For this panel discussion held by the Wisconsin Academy and hosted by Patty Loew, author and former co-host of "In Wisconsin," three panelists provide perspective on how climate change is changing Wisconsin life and culture. In addition to addressing questions from the audience, panelists explore strategies for cultivating resilience in the face of rapid change, from shoring up food systems to conserving habitats that support vulnerable species. Panelists include:

Michelle Miller: Associate Director, Center for Integrated Agricultural Systems, UW–Madison. Miller discusses changes in agriculture, with stories of orcharders, growers, and grazers whose multi-generational cultivation of crops such as cherries, apples, and cranberries are faced with increasingly extreme weather and other climate-related challenges.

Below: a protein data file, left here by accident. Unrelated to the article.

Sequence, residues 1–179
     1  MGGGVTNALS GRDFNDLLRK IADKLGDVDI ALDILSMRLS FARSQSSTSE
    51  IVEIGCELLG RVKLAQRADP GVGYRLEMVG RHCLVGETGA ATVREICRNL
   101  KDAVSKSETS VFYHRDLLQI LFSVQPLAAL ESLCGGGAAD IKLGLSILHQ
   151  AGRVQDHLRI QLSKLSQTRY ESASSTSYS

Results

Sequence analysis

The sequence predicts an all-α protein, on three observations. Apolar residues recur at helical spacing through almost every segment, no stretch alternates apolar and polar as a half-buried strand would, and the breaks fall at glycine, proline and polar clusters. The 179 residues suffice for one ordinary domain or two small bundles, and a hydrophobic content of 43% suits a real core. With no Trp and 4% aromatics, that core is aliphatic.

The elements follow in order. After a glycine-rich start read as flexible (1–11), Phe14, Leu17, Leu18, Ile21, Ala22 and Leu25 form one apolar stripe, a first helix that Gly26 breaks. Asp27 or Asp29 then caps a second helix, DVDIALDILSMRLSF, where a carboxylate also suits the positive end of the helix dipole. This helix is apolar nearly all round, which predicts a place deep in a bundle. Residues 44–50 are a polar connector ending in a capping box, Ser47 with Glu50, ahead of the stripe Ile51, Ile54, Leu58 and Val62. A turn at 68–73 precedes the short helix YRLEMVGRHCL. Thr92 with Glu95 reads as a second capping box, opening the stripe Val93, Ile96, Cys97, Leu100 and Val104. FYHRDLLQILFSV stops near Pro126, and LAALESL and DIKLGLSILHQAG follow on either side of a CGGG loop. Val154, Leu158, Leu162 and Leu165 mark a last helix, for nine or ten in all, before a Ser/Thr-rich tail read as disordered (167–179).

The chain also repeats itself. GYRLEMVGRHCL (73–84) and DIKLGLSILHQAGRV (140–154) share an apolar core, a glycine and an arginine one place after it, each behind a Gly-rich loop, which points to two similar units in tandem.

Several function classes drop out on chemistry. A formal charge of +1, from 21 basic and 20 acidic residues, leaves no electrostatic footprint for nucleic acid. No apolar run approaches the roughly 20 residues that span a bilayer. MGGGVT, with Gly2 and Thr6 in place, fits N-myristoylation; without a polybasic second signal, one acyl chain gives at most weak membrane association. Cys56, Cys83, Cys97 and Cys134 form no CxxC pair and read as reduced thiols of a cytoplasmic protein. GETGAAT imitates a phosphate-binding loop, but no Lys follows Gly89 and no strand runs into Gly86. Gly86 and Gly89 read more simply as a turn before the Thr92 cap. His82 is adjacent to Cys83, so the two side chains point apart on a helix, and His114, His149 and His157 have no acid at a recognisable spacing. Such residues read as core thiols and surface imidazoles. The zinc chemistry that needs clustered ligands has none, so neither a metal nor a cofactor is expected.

Jim St. Arnold: Program Director/Traditional Ecological Knowledge Coordinator, Great Lakes Indian Fish & Wildlife Commission. St. Arnold shares the story of the challenges the Ojibwe face in continuing traditions of gathering wild rice, harvesting birch bark, and making maple syrup that are central to their culture, food sources, spiritual practice, and economic stability.

Stanley Temple: Beers-Bascom Professor Emeritus in Conservation, UW–Madison, and Senior Fellow, Aldo Leopold Foundation. Temple frames the discussion with a description of what climate change adaptation and mitigation looks like through the lens of ecology, ethics, and economics, including how hunting, fishing, and other outdoor recreation is affected by a changing climate.

This is a presentation of the Wisconsin Academy of Sciences, Arts & Letters. Recorded on November 12, 2014, at the Madison Museum of Contemporary Art Lecture Hall

j vimeo.com/80799472

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